Harwood Mulliken was a kind old professor with a bow tie. When the Mullikens came to visit us (in the late 1970s), he would set up a chessboard in the living room and play my older brother Keith a game.
My brother enjoyed this so, when he earned some cash working the scoreboard at the St Jude’s Memphis Classic PGA golf tournament, he used the money to buy a Fidelity Chess Challenger 7. A truly state-of-the-art machine, i.e. slow and crappy at chess.
Then in 1981, when I was in middle school in Ft. Thomas, Kentucky, a new student named David Ruffalo insisted that we hold a knock-out chess tournament. He talked 16 people into playing, one round each Thursday after school in Mr. Leising’s room.
Side note: David Ruffalo was awarded his PhD before I finished my undergraduate degree. Smart dude.
My first opponent psyched me out by talking trash all week leading up to the game, and then played awfully and I won. Then I went home and started practicing against Keith’s Chess Challenger machine. I beat my buddy Pat Gardella the next week. In the third round I had to play Brian Moore. His older brother Brett was the captain of the high school team, so I expected to lose, but somehow I won that game also. Then I beat Ruffalo in the championship.
I had discovered that I really like winning.
Brett Moore tracked me down – “You beat my brother, you have to play for the high school team next year.” So I did. I played board 3 or 4 on a four-man team, with a 10-week season playing against other local schools in the Greater Cincinnati High School Chess League (GCHSCL).
I lost my first game. I lost my second game. I lost my third game. I had discovered I really hate losing. I became embarrassed and determined. So I lost my fourth game. Then I won the last six games of the season. My parents gave me two books: Chess Openings in Theory and Praxis by IA Horowitz (which I just threw away within the past year) and The Chess Companion by Irving Chernev. I could not understand chess notation so I had to figure it out myself to read the books.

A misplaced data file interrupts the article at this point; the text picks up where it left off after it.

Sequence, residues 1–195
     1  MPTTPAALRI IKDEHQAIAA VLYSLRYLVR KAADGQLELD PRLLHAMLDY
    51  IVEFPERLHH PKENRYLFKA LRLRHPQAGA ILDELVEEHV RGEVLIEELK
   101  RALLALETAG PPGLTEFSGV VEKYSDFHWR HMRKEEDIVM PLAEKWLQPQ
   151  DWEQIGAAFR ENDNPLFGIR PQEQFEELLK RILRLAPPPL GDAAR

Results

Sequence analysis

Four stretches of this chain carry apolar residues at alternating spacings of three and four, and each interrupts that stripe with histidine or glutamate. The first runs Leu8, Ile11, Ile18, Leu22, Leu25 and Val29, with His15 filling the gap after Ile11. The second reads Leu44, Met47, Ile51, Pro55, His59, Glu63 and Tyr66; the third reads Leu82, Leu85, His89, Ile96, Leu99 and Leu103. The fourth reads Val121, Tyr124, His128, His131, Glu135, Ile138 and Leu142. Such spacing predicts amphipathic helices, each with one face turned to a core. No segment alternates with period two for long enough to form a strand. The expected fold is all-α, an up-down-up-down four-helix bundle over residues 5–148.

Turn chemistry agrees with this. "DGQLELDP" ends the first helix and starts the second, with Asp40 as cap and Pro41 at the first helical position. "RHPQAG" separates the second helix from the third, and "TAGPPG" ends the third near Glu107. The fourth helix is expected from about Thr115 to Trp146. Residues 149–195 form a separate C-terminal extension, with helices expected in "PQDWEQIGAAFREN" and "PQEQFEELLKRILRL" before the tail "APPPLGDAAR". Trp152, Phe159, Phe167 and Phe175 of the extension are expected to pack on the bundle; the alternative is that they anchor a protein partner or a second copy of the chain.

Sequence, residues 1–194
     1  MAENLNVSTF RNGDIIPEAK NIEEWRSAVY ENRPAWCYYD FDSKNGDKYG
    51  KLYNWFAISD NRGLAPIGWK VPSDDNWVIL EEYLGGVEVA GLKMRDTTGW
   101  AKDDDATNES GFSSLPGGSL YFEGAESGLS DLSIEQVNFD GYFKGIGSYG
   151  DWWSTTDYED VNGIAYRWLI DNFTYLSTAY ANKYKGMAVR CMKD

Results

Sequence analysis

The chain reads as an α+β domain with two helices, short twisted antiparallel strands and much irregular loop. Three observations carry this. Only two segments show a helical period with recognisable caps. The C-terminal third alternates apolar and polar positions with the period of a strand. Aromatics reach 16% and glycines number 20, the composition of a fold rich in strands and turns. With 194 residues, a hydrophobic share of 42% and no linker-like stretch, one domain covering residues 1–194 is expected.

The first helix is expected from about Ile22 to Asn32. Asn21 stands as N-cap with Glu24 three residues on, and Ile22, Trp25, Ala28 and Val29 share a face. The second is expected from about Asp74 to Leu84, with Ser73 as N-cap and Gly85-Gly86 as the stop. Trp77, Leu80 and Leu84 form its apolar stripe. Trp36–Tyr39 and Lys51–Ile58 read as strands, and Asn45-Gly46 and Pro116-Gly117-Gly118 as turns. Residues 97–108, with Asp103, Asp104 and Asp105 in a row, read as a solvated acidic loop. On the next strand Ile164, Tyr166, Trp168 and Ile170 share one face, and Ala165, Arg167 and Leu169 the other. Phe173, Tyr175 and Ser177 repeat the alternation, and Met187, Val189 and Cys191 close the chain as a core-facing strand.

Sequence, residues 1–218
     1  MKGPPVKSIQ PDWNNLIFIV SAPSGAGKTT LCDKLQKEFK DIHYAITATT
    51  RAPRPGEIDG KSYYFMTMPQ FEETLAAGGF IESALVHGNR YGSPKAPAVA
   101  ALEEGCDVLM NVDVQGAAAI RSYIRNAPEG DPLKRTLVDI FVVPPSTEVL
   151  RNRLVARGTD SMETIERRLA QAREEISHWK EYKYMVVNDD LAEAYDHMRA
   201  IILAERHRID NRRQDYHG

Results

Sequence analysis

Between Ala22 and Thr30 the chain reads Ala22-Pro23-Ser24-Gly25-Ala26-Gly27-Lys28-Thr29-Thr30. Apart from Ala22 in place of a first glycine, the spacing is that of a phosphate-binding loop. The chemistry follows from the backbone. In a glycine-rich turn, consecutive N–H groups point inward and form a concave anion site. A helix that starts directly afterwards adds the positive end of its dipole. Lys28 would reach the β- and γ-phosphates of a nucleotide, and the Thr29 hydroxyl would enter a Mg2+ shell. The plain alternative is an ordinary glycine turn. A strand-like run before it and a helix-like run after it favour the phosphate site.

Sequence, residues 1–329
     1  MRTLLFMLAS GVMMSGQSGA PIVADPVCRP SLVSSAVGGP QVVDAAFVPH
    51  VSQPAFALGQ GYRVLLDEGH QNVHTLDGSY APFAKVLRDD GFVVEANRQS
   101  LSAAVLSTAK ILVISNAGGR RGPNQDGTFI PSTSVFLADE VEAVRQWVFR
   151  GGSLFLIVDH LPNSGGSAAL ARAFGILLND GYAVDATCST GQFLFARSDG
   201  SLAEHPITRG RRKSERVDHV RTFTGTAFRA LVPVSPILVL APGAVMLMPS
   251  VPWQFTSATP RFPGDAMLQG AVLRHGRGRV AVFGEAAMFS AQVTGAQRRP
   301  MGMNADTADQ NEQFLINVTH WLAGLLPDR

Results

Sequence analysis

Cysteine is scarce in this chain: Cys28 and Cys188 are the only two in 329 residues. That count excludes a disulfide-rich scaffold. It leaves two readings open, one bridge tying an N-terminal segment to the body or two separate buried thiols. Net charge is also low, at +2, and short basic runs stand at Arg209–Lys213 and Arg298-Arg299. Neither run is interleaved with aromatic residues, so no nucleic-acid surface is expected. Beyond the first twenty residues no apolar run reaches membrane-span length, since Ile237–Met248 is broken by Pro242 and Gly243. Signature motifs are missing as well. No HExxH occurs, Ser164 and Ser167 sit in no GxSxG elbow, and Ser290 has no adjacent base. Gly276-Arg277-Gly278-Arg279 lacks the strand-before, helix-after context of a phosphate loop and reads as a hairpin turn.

“We have to win the Kentucky team championship,” said Brett, and so in the spring of 1982 I played in my first rated tourney, a four-round Saturday Cincinnati scholastic “tornado”, as a warmup for the Kentucky tournament. The top seed was David Glueck, a 2400 in high school who later quit chess and became a college professor in New Hampshire. The second seed was Albert Moore (I think), an 1800 who presumably got destroyed regularly by Glueck.
In my first rated game, I played one John Stinchomb, rated 1200, who gave me a free pawn via the strange sequence 1.P-Q4 P-Q4 2.P-QB4. Obviously I took it. He won. I won one game, against a 1000-rated player whose name escapes me, and lost two others including a long last-round game against Ken Potter, a 900-rated member of the Price Hill Death Squad chess team.
My first rating was 943.
In the Kentucky championship the following month, I beat a 1400 named Tony Sammons in the first round – a Budapest defense, believe it or not – but then lost all my other games.
We did not win the championship.
I later became the commissioner of the Greater Cincinnati High School Chess League. I never won the Kentucky scholastic championship, although I won the overall (open) state title in 1987.
Brett Moore later got a medical degree and quit chess in favor of bridge.
Tonight I played 3 hours and then blundered and lost to a 15-year-old.